August 2010

Field & Berry Groups

Aug 6: Nona Chiariello and summer interns Safiyyah Abdul-Khabir and Christina Feng presented some of their latest research about native grass restoration in plots of the Jasper Ridge Global Change Project, especially regarding the legacy effects of invasive species and previous disturbance.  They presented two results. First, they have found that in global change plots previously invaded by a suite of invasive or successional species, seedling establishment of native perennial grasses was enhanced by added precipitation and reduced by added nitrogen.  In uninvaded plots, those treatments had no effect.  Second they found that natural spread of native grasses showed a species-specific pattern when viewed in historical photographs using GoogleEarth.  Nassella pulchra (purple needle grass) established preferentially in areas where the surface topsoil had been displaced about three decades ago, whereas Danthonia californica established primarily in areas that tended to be moist and were undisturbed in historical photos.  The study will continue for another three years. Shane Easter is the newest technician to help analyze the experimental data.

Aug 6: Lena Perkins provided the following notes from the Field Lab Meeting. Group decided to pursue the astroturf vs grass project, with the aim to:
    - Develop model as needed to take into account rainfall amount and distribution, sports, requirements, weather patterns.
    - Do thorough literature search.
    - LCA of production and disposal of astroturf and turf
    - Design an online tool that can be linked to by the Carnegie website, for a 'green' turf calculator, where schools can put in their weather statistics (or it can be a map of the US) and requirements, and relative importance of water, energy, carbon, comfort, price, and it will generate optimal astroturf or other turf decision, potentially with some metrics (Carbon, energy, waste diversion, water requirements) Details on turf model still to be hashed out. 
Aug 13: "Developing a calculating tool for assessing which is more ecologically favorable, synthetic turf or grass." was defined as the Project's purpose. We would want to focus on the energy & carbon trade-offs between astroturf and turf-- even though factors such as heat, disease control (astroturf) and construction cost may be more controlling. Asked participants which parts of the Project each would like to investigate and take the lead on.
Aug. 24: Yuka Estrada announced the latest addition to her family, a baby boy named Kai Esteban Estrada. Mother & child doing well.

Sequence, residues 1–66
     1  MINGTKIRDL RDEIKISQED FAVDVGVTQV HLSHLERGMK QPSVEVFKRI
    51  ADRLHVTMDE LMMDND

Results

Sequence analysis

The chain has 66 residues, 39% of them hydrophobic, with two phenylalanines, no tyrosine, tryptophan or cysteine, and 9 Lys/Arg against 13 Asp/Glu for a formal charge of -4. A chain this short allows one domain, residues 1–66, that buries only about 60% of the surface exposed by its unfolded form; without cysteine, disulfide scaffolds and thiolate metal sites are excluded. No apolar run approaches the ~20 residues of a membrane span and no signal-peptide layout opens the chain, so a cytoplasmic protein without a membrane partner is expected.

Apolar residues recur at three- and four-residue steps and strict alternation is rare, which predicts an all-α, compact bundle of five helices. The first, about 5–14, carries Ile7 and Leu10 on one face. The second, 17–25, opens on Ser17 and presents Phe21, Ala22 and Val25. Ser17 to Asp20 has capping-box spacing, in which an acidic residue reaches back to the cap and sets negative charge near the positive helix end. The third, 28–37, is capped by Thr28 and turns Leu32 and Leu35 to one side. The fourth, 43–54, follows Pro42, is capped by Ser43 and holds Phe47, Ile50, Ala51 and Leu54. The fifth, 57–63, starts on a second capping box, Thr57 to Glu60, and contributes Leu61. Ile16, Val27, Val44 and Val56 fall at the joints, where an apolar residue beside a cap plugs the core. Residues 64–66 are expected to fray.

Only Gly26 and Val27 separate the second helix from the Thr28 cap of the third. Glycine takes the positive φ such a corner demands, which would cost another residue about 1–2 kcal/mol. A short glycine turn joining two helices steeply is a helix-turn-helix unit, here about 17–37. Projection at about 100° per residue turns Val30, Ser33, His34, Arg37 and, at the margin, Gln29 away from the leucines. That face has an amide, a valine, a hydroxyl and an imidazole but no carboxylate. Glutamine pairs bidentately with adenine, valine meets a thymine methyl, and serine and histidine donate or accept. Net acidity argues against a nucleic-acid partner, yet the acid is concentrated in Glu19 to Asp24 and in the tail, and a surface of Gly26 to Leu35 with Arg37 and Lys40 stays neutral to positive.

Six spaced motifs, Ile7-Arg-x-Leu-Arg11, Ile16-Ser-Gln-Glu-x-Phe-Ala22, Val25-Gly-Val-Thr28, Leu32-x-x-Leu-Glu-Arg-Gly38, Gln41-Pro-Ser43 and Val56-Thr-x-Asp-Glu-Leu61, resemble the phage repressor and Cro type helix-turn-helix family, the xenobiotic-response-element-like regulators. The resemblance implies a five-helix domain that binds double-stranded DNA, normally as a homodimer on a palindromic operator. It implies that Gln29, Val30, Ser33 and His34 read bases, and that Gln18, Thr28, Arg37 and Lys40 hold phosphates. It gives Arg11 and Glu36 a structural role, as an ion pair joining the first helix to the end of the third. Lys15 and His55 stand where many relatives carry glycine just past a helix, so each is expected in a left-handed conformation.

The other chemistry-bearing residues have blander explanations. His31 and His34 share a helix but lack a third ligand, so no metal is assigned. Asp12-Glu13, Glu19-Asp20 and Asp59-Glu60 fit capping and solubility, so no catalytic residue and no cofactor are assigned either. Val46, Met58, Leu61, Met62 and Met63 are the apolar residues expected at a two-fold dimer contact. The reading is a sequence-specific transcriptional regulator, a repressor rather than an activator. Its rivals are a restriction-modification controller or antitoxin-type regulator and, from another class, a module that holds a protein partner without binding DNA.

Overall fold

August: Katharine (Katie) Mach has joined
the IPCC Group as a Post-doc. She recently defended here PhD Thesis that dwelt with Marine Ecomechanics at Stanford's Hopkins Marine Station in Pacific Grove, CA. This field combines biology and engineering — e.g. the effect of wave action on sea weeds.


Aug. 30: Chris Field met with a few of the IPCC leaders and the UN Secretary General, Ban Ki Moon to receive the review of the IPCC from the InterAcademy Council.













Aug: 17: Katherine Pollard, Gladstone Institutes, Institute for Human Genetics & Division of Biostatistics, UC San Francisco spoke to the title
What made us human? Caldeira introduced Dr. Pollard by saying that while DGE usually studies the effect of human activity on the environment, she is investigating the opposite. Using comparative genomics, her lab is identifying evolutionarily conserved gene sequences that have been extensively changed in the human genome since divergence from our common ancestor, the chimpanzee.

Aug 18: Ove Hoegh-Guldberg, Global Change Inst., Univ. Queensland, Australia speaking to the title; Our changing Ocean: biological evidence,implications and ramifications. His power-point presentation illustrated how Climate Change driven by increases in CO2 also increases seawater acidity that in turn can cause coral bleaching and death. His laboratory on Australia’s Great Barrier Reef is carrying out experiments to quantify what happens to the corals and suggest ways to mitigate some of the damage before it is too late.

Caldeira Group

Ken Caldeira was in Urbino, Italy at the Urbino Summer School for Paleoclimatology from July 27-29. This school has been attracting many of the best researchers in climate change over the past 65 million years. It has become increasingly competitive for students to be accepted.  This year the weather was scorching hot before I arrived but completely beautiful and refreshing during my stay.

Asner Group

Aug 5: Asner, Scott Loarie & Ursula Heyder announce a new paper in Conservation Letters titled Combined effects of climate and land-use change on the future of humid tropical forests. It is the first to explicitly consider the combined roles of climate change, deforestation, and degradation on the biodiversity of global humid tropical forests.  Consider it a step in working toward global solutions to this crisis. It will be featured on Discovery, BBC and a few other outlets in the coming days.

Joe Mascaro
has joined Asner's Group as a Post Doc. He received his PhD from the Univ. Wisconsin at Milwaukee and is currently most interested in carbon density mapping with Lidar.

Editor: Click on photos to enlarge them.
Jan Brown, jbrown1@stanford.ed